Hispanic Heritage Month is coming up soon (Sept. 15 to Oct. 15), and Novel Conversations is pleased to offer books related to this cultural strand, along with others in the American tapestry. For example:
THE HOUSE ON MANGO STREET – In this series of vignettes, Sandra Cisneros presents Esperanza Cordero, a girl growing up in a Latino neighborhood of Chicago. The book reflects her thoughts, ideas and aspirations, as well as her view of the environment around her. Somewhat stream of consciousness in style, the novel is poetic and evocative yet the reader can put together a rich description of the street life and people in Esperanza’s world.
THE BRIEF WONDROUS LIFE OF OSCAR WAO – Moving from a young girl’s experience to a young boy’s, we next turn to Junot Diaz’s famous first novel. This view of a New Jersey family from the Dominican Republic has won numerous awards, including the 2008 Pulitzer Prize. Oscar Wao works hard to overcome all the typical disadvantages of a nerdy, unpopular adolescent while coping with a longstanding curse on his family. Diaz is a robust, contemporary voice for a lesser-known Latino community.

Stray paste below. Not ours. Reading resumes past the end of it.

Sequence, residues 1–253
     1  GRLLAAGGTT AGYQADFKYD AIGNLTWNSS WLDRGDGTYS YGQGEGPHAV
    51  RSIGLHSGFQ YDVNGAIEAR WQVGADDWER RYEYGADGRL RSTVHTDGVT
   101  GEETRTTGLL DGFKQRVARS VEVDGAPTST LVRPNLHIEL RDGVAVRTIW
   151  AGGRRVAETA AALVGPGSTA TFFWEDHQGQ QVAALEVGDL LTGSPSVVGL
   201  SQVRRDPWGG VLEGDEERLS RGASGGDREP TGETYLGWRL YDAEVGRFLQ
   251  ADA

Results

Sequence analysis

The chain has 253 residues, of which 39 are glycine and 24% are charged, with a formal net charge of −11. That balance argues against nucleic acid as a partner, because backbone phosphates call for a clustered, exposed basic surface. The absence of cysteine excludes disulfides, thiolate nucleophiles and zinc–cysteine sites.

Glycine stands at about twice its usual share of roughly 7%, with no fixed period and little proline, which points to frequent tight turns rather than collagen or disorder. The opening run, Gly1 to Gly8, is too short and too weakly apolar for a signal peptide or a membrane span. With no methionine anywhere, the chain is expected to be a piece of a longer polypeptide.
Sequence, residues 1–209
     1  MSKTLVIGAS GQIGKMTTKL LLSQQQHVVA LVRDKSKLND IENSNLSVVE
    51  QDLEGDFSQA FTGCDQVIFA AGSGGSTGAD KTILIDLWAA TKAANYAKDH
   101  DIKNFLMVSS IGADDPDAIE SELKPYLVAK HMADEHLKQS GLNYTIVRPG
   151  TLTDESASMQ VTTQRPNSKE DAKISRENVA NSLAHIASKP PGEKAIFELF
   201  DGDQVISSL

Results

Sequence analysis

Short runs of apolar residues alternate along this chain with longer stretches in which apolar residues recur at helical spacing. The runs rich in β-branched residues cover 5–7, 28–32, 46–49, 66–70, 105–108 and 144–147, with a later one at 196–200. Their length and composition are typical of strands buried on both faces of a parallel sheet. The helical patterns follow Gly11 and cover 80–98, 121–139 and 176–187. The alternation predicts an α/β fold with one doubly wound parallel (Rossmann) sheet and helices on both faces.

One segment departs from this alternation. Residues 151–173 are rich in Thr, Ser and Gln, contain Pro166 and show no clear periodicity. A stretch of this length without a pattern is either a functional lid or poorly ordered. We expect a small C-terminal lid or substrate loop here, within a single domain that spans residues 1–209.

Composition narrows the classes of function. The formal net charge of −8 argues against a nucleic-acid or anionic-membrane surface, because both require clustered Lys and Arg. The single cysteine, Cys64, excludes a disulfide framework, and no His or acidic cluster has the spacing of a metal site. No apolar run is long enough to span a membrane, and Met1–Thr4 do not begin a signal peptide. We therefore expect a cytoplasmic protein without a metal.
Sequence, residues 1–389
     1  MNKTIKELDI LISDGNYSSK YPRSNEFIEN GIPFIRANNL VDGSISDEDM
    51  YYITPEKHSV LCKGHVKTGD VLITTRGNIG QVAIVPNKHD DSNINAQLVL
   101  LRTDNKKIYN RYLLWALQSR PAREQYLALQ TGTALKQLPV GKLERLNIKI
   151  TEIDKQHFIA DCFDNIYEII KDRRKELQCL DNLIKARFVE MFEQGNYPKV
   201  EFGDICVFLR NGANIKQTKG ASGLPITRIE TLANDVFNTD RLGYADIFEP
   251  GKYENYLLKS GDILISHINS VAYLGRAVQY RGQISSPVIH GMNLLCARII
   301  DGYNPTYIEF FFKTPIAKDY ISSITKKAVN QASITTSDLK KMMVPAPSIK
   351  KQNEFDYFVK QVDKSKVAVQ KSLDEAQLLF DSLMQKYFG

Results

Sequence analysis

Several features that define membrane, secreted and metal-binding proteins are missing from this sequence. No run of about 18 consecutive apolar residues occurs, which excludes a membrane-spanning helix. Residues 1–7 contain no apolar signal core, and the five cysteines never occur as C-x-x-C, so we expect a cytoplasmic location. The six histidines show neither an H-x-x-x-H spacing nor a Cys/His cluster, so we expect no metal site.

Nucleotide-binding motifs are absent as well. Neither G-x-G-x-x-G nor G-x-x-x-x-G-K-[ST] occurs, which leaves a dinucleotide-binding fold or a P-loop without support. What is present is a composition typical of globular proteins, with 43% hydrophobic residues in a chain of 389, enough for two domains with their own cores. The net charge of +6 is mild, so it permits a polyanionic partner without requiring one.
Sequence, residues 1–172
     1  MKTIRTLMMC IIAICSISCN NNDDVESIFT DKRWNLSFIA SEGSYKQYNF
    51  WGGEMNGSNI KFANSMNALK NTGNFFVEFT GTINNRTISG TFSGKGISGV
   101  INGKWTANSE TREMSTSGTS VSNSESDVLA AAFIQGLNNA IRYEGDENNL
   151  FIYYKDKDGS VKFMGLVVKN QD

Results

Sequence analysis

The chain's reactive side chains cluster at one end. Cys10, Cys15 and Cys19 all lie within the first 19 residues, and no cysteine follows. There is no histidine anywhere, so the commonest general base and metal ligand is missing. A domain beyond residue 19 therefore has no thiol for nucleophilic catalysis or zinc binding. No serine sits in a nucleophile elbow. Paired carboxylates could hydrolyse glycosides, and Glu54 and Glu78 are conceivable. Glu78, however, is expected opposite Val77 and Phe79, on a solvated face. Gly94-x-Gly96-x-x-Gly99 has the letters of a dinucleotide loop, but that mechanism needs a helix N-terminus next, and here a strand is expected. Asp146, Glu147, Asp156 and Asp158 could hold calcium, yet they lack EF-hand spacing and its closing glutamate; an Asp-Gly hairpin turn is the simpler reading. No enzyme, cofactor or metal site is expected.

HOUSE MADE OF DAWN – N. Scott Momaday’s novel, published in the 1960s and another Pulitzer Prize winner, helped lead the way for many modern Native American writers. The story revolves around Abel, a WWII veteran, his grandfather Francisco and their land and people in New Mexico. Myths and traditions are interwoven with Abel’s path away from and back to the reservation.
THE NAMESAKE – There is a lot to choose from in Asian American literature, but one author who has captured the experience of immigration in the 21st century is Jhumpa Lahiri. As The Namesake opens, the Gangulis have arrived from Calcutta to start a new life and family in Boston. Like so many American-born children of immigrants before him, their son Gogol will learn to navigate between his own experience and that of his Bengali parents and their close-knit community. Novel Conversations also has copies of Lahiri’s short story collection, Interpreter of Maladies.
ANATHEMA – Asked to name a minority group, Hoosiers in rural Indiana often say “Amish.” The heroine of Colleen Coble’s novel Anathema is a young Amish woman from northern Indiana who is struggling with her beliefs and her feelings. She is also caught in a murder mystery around the killing of her family. A prolific author of inspirational fiction, Coble is a favorite of many Novel Conversations groups. The Lightkeeper’s Daughter, from her Mercy Falls series, is also in our collection.
In addition to these and similar titles, Novel Conversations has numerous books of fiction and nonfiction about the African American experience, including three by Nobel Prize winner Toni Morrison. We will feature some of those selections in a future Five Books blog.
This post was written by Nancy Conner, director of grants and Novel Conversations.